The next time you’re in the mood to catch a movie but not at all in the mood to schlep to some far-flung, charmless multi-plex, venture a mere two miles down the road from Wellesley Square and give The Center for Arts in Natick (TCAN) a try.
TCAN, located at 14 Summer St., Natick in a beautifully renovated historic firehouse, is well-known for its concerts and live-theater offerings. Somehow, though, the venue’s second-floor movie theater is something of a secret. Even my Bunco group, made up of Natick moms I’ve been hanging out with since my 11-year stint in the town, didn’t know that hiding in plain sight in their own town center is nestled the quintessential independent theater. There, in a former storage space of the former firehouse, the 120-seat theater shows everything from small-run indies to more mainstream fare such as Disney’s Aladdin.
David Lavalley, executive director of TCAN, brought the art-house-type cinema to life through a $180,000 grant awarded from the Massachusetts Cultural Council’s facilities fund to the arts center in 2014. The grant, plus additional money raised, allowed TCAN to transform underutilized space that just happened to already have great acoustics (although soundproofing was added) and soaring ceilings into a multi-use performance space, with an emphasis on cinema. According to Nicola Anderson, Cinema Program Director, no effort was spared in ensuring a quality movie-going experience. She says, “The newly installed Screening Room at TCAN has been renovated to the highest of technical standards with a 2K (DCI Compliant) digital cinema projector and full 7.1 Dolby surround audio . Wherever possible the films are projected from a DCP (Digital Cinema Package) – 2K digital prints that are mastered to the highest industry standard to ensure the visuals stay perfect and the audio is crystal clear throughout the presentation.”
In addition, comfortable, movable seats allow the space to also host concerts, conferences and other activities. In fact, in a recent collaboration with Babson Arts, the space was used during some rehearsals for An American Hamlet. It seems the actors needed room to practice their fight scenes.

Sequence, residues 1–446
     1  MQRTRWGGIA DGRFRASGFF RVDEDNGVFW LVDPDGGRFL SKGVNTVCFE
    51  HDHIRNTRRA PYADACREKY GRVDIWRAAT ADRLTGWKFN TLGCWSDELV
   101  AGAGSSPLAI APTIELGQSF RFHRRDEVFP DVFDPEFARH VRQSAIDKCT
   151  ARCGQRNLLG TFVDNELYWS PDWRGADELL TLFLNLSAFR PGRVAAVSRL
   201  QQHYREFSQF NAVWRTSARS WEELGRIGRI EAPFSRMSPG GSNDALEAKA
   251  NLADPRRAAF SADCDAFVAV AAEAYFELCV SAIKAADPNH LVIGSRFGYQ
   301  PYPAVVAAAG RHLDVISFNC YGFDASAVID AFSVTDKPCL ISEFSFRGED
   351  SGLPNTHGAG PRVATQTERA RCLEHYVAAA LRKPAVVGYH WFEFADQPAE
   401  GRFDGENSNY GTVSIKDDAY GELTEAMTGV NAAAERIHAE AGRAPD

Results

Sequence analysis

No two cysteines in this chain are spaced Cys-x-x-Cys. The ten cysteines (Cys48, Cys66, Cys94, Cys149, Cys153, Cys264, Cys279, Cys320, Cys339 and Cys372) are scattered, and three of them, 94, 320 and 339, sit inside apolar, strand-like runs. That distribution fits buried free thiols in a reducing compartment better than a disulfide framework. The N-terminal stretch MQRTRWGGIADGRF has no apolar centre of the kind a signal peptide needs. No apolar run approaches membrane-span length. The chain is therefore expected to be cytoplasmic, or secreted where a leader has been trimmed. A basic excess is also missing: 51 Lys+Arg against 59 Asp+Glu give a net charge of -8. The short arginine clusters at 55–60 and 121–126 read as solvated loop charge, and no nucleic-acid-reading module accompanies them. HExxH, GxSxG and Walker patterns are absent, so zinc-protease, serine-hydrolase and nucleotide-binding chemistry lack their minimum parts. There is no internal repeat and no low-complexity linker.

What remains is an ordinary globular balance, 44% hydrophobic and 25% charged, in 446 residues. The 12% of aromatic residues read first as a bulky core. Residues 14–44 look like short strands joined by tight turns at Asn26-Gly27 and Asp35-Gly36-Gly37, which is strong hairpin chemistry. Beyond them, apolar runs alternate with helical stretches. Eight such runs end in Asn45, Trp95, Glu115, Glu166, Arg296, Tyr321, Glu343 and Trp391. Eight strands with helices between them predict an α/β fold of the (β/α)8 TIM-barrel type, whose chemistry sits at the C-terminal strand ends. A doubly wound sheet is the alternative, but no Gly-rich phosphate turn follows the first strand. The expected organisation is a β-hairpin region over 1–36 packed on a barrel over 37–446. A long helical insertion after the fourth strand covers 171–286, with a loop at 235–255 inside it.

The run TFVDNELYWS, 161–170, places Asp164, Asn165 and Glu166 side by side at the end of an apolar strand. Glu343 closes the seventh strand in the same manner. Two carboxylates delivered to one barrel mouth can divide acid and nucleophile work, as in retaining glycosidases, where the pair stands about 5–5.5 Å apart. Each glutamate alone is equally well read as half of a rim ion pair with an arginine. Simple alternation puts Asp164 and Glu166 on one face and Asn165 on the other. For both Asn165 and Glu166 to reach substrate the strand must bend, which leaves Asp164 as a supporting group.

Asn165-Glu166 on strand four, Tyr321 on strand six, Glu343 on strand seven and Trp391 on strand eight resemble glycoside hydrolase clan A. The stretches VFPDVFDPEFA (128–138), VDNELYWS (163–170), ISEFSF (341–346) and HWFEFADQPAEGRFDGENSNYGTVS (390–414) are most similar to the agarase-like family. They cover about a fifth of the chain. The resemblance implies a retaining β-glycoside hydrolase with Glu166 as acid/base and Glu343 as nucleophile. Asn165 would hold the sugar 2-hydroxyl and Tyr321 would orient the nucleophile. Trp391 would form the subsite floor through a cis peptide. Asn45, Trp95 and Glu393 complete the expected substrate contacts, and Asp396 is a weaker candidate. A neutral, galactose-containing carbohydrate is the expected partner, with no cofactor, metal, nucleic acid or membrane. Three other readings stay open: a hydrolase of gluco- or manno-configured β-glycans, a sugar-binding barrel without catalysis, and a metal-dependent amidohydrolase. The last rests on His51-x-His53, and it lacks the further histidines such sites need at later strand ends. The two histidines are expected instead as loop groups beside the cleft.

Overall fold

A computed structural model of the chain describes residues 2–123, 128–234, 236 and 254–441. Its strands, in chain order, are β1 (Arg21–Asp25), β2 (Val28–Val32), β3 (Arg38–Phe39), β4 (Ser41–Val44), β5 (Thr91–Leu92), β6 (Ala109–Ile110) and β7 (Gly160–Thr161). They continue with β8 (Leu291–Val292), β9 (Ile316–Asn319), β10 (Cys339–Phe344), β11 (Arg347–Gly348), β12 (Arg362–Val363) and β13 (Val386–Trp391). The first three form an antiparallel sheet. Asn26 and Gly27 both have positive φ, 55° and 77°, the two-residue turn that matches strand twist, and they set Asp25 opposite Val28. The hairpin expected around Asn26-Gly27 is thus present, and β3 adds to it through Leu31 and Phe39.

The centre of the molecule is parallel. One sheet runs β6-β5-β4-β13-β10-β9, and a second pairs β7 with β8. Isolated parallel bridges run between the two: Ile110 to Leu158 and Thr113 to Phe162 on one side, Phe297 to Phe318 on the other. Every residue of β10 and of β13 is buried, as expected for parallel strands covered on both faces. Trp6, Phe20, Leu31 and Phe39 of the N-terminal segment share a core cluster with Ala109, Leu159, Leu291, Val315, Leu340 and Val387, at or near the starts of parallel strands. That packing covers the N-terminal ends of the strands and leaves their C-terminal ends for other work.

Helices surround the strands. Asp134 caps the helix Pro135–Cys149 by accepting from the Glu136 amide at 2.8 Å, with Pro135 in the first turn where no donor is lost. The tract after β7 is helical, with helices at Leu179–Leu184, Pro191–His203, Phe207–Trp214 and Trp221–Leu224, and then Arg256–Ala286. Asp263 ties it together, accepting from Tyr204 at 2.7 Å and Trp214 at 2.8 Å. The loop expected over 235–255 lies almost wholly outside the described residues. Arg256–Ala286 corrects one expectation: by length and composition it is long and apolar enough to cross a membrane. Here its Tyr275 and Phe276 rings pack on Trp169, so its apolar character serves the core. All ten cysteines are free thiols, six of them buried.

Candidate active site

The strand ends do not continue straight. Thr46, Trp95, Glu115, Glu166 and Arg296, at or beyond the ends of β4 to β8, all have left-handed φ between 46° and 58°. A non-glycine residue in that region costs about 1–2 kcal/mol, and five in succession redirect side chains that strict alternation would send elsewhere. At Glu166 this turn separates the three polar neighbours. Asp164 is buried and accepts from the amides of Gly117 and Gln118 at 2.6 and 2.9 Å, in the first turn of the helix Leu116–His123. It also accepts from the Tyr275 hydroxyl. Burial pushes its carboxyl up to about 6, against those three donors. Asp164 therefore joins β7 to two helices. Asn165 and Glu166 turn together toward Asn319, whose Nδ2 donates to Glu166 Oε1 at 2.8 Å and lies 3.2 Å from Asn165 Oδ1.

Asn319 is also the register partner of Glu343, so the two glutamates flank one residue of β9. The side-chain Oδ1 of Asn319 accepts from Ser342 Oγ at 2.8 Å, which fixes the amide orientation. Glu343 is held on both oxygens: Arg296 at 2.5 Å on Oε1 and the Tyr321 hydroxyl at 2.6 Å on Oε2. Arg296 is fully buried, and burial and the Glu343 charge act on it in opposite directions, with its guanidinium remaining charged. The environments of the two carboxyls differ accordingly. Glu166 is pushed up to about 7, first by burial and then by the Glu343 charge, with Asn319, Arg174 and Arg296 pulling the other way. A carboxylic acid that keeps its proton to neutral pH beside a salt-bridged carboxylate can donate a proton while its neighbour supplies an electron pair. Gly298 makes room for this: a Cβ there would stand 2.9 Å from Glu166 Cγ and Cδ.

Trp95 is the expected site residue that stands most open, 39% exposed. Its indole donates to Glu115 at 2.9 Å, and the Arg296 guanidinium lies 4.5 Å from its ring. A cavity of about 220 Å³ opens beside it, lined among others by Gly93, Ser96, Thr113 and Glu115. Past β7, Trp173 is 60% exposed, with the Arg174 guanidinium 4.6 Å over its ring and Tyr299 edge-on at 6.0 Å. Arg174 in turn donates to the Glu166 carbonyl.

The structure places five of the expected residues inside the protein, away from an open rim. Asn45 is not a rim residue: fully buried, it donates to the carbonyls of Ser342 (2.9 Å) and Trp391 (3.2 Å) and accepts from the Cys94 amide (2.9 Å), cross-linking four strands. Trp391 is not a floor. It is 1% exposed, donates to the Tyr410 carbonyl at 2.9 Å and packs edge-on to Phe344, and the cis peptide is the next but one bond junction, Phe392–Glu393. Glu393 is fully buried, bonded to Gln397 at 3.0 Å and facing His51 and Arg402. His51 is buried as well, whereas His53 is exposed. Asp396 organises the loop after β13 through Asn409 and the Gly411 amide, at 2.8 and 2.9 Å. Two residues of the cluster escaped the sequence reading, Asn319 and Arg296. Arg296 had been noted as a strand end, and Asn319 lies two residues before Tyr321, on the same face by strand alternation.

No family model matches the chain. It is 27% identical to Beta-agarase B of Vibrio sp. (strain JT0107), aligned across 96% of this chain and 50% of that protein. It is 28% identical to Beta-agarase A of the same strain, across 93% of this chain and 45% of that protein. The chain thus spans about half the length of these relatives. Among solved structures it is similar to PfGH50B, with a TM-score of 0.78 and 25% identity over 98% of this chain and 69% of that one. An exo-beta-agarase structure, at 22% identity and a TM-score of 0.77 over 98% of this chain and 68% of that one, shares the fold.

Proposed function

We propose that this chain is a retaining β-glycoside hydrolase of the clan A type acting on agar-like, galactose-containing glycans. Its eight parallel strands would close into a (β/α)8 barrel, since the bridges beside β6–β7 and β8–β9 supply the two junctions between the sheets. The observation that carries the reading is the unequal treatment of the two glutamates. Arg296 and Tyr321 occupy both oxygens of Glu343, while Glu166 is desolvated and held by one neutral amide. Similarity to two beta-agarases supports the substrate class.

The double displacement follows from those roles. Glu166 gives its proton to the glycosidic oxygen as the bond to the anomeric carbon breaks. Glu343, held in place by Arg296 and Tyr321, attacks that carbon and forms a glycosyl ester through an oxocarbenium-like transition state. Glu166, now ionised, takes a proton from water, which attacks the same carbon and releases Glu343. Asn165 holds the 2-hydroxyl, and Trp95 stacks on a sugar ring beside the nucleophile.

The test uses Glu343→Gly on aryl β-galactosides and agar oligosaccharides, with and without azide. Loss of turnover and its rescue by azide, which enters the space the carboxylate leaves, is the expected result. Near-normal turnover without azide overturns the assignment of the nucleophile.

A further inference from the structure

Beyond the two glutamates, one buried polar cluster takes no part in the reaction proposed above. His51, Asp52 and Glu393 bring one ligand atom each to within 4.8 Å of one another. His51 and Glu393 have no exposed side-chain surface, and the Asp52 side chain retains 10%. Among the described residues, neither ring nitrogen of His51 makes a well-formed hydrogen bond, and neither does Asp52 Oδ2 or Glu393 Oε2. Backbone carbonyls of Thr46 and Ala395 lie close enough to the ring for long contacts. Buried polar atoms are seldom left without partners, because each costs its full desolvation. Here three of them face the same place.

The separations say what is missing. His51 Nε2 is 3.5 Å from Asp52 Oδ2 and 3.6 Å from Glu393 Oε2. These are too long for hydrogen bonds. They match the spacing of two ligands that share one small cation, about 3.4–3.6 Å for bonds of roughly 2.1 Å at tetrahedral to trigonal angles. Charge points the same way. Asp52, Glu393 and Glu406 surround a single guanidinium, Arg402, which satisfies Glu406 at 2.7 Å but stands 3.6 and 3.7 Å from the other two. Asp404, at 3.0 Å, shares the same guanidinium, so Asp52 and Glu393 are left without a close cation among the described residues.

On a recent date night we settled into the comfortable red chairs to watch A Man Called Ove on the 20-foot screen. The crowd was clearly into the experience of it all, the way the theater is tucked away upstairs (TCAN is handicapped accessible, and the movie theater can be accessed by elevator), the fun of being able to walk to a number of nearby restaurants either before or after the show, the sheer non-stickiness of the floors. That last one was big for me. Not that TCAN is stingy with the snacks, they’re just scrupulously tidy, that’s all. Popcorn, candy, and beverages, including beer or wine, are for sale.
About the chairs, just a heads up, don’t expect the Craftmatic bed treatment at this theater. I don’t know about you, but that suits me fine. Once, at one of those Craftmatic bed multiplexes, I couldn’t even enjoy the movie because the man lying next to me, who was not my husband, fell asleep. As you can imagine, I became very uneasy, wondering if I was dangerously close to infidelity. Fretfully, I wondered if it counted as cheating. First I figured yes it did, because there was nothing but an armrest between us to suggest our two “chairs” were anything less than a double bed, and there he was, sleeping. Therefore, logic demanded that it must be a bed, ergo we were sharing a bed, ergo ergo it was an infidelity.
Then I figured no, it wasn’t an infidelity, because don’t be ridiculous.
Of course after all these Socratic mental gymnastics, I was drained and didn’t enjoy the movie at all. Plus, the sleeping man wasn’t even hot, so what a waste of moral philosophizing, and of a movie ticket.
Save yourself from such problems and catch your next movie at TCAN. On the April schedule: Aladdin; The Wizard of Oz; Lamb (screening and talkback with with Director Yared Zeleke); I Am Not Your Negro. Ticket prices are generally $12 for the public, $10 for TCAN members, and $9 for children under 12.